Pearson had never acted before. Her character — a ruthless foot soldier — shared her real name. And her ability to depict a killer with a detached personality once led the horror writer Stephen King to describe her as “perhaps the most terrifying female villain to ever appear in a television series.”
Finding Pearson, and changing the trajectory of her life, Williams later told me, was one of the most fulfilling things he ever did on “The Wire.”
“When I looked at her, I instantly knew that she was the quintessential Baltimore,” he said.
Williams brought the same level of intensity and expansiveness to many of his subsequent characters. Most recently, he received his fifth Emmy nomination for his role as Montrose Freeman, a conflicted patriarch in HBO’s “Lovecraft Country.”
But it was Omar Little who provided Williams with his breakthrough, and it may be the role that he will be best remembered for. Williams dealt with personal addiction throughout his life, even throughout his time on “The Wire.”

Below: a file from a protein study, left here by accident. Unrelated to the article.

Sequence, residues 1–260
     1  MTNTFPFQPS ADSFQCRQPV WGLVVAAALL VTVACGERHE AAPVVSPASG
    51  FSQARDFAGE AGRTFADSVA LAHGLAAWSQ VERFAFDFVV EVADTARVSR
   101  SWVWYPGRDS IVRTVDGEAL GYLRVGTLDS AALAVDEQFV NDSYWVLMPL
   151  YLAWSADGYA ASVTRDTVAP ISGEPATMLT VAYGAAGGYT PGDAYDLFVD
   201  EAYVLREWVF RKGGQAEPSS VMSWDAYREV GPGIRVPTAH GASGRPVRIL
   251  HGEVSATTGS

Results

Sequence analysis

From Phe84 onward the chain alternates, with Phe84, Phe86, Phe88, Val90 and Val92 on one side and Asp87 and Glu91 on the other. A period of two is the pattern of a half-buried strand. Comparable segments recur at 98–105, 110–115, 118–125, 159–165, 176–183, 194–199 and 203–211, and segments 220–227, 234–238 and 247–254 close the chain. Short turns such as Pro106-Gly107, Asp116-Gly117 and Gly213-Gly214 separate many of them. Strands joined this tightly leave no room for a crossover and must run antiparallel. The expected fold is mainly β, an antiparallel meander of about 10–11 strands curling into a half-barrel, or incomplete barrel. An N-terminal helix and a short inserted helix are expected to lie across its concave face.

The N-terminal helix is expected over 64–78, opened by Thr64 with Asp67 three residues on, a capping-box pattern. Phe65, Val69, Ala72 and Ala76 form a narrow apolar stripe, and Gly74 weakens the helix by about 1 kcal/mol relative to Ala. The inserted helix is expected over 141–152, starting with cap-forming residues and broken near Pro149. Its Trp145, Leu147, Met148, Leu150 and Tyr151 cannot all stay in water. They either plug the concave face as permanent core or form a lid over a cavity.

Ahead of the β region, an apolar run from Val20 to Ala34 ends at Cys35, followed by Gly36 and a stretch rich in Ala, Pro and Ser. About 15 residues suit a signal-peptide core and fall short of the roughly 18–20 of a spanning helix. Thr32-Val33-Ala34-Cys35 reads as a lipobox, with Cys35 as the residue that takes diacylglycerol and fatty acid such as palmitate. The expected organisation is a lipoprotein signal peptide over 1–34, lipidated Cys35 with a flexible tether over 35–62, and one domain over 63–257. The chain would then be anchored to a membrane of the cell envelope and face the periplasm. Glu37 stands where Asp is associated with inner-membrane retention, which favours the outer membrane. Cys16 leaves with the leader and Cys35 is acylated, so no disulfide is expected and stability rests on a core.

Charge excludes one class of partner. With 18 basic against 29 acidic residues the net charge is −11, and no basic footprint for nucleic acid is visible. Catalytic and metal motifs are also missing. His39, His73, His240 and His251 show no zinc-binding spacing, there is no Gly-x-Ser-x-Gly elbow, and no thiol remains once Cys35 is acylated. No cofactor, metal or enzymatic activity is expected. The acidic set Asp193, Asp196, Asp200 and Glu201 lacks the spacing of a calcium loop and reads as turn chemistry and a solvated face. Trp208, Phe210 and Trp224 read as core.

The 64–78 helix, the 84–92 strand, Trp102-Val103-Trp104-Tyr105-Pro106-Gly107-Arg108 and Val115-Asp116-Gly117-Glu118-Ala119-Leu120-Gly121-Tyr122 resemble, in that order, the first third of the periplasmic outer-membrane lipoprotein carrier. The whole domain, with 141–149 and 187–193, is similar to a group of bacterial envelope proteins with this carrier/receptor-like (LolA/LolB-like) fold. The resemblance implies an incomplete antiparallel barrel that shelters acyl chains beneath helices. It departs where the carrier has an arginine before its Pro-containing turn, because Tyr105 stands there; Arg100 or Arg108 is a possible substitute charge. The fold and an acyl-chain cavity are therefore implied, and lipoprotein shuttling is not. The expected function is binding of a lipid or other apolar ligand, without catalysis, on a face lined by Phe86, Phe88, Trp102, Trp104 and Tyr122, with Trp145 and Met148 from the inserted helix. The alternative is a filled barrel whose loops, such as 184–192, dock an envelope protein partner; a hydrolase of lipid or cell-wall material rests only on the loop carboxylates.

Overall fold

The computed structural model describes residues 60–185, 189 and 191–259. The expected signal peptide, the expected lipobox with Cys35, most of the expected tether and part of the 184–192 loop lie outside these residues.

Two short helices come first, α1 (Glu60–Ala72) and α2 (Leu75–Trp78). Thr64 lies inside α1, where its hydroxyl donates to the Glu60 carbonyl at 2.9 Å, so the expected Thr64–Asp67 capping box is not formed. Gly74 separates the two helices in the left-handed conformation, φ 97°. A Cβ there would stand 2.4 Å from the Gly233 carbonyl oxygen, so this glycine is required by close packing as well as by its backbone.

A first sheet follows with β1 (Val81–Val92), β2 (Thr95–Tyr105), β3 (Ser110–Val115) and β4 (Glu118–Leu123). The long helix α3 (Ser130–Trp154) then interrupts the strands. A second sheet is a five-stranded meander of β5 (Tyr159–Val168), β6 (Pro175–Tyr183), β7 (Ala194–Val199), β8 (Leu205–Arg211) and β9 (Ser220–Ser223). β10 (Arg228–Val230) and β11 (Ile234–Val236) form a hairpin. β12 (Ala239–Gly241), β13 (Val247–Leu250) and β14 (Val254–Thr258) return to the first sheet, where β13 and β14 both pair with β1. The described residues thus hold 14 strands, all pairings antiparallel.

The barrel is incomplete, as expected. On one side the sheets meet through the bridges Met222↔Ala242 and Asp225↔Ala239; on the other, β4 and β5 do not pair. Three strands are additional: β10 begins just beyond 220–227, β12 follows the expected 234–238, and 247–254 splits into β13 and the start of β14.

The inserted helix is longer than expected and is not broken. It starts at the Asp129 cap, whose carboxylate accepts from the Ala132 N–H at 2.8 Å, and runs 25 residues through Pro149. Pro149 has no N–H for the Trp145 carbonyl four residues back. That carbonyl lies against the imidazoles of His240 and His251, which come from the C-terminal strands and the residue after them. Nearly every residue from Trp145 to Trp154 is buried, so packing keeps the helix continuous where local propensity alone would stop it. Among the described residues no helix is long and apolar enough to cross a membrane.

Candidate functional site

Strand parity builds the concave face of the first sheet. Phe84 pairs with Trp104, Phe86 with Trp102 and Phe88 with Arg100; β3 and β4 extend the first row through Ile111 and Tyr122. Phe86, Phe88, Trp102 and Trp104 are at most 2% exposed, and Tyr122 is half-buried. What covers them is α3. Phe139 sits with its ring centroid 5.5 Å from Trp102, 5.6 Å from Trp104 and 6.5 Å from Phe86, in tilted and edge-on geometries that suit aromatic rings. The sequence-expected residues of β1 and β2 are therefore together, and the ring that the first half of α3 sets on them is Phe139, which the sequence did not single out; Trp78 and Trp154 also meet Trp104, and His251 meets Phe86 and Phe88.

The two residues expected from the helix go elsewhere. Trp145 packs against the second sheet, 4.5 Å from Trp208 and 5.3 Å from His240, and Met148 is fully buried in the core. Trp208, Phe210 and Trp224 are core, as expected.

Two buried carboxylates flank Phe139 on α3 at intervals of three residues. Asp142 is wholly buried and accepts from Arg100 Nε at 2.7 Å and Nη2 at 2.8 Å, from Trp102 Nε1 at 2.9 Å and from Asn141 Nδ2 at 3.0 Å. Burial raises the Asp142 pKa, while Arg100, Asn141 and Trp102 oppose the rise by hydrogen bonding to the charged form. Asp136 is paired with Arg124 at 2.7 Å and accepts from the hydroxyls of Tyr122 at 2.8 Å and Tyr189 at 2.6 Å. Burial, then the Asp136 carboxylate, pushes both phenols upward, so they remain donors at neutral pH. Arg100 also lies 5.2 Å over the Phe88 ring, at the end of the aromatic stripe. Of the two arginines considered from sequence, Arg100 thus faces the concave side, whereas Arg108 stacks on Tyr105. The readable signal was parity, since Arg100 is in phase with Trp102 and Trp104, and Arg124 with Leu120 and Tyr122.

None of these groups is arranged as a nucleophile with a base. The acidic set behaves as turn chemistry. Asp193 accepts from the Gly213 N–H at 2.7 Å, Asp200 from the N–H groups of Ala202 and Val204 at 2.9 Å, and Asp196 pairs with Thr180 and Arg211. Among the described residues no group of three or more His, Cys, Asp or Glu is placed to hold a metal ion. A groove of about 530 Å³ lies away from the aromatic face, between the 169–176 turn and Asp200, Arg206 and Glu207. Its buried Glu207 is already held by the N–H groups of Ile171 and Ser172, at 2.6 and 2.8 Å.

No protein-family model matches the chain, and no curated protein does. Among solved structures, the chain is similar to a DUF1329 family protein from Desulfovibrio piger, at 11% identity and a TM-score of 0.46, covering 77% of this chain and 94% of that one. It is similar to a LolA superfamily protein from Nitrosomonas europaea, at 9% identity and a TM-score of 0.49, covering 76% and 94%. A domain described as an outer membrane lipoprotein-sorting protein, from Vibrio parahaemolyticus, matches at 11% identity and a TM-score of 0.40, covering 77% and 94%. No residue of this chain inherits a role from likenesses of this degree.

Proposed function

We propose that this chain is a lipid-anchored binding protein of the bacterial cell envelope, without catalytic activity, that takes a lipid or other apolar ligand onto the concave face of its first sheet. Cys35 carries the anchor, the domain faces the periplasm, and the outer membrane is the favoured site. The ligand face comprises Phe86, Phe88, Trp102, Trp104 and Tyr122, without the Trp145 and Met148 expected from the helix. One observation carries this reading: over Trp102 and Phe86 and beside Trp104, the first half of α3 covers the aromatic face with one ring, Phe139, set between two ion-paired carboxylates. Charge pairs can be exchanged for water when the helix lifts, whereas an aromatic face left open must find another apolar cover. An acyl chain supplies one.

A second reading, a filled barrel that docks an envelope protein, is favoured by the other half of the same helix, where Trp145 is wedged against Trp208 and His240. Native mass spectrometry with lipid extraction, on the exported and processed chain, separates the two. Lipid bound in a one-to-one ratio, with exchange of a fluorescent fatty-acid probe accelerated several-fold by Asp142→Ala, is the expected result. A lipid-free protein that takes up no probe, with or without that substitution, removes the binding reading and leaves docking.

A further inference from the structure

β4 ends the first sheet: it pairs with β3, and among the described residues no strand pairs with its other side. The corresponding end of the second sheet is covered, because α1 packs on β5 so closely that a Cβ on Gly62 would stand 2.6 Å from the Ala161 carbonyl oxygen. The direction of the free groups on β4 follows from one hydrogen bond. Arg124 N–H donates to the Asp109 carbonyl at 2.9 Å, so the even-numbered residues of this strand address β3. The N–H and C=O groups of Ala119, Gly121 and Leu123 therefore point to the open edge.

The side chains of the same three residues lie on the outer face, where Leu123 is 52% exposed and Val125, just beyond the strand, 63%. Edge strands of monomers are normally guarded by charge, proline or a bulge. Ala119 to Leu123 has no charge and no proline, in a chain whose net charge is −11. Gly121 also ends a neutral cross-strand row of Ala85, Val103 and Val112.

(What follows will be a spoiler for those who have never watched “The Wire.”)
Omar was always destined to die in “The Wire.” The character’s growing popularity never altered that trajectory.
Williams was pragmatic about taping his final scene.
“No one wants to talk about the elephant in the room, which in my opinion, was no one wanted to deal with the reality that it felt like mourning a fictitious character,” Williams later told me. “I don’t think no one was able to go there that day.”
Jonathan Abrams, a sports reporter for The New York Times, is the author of “All the Pieces Matter: The Inside Story of The Wire,” an oral history of the series.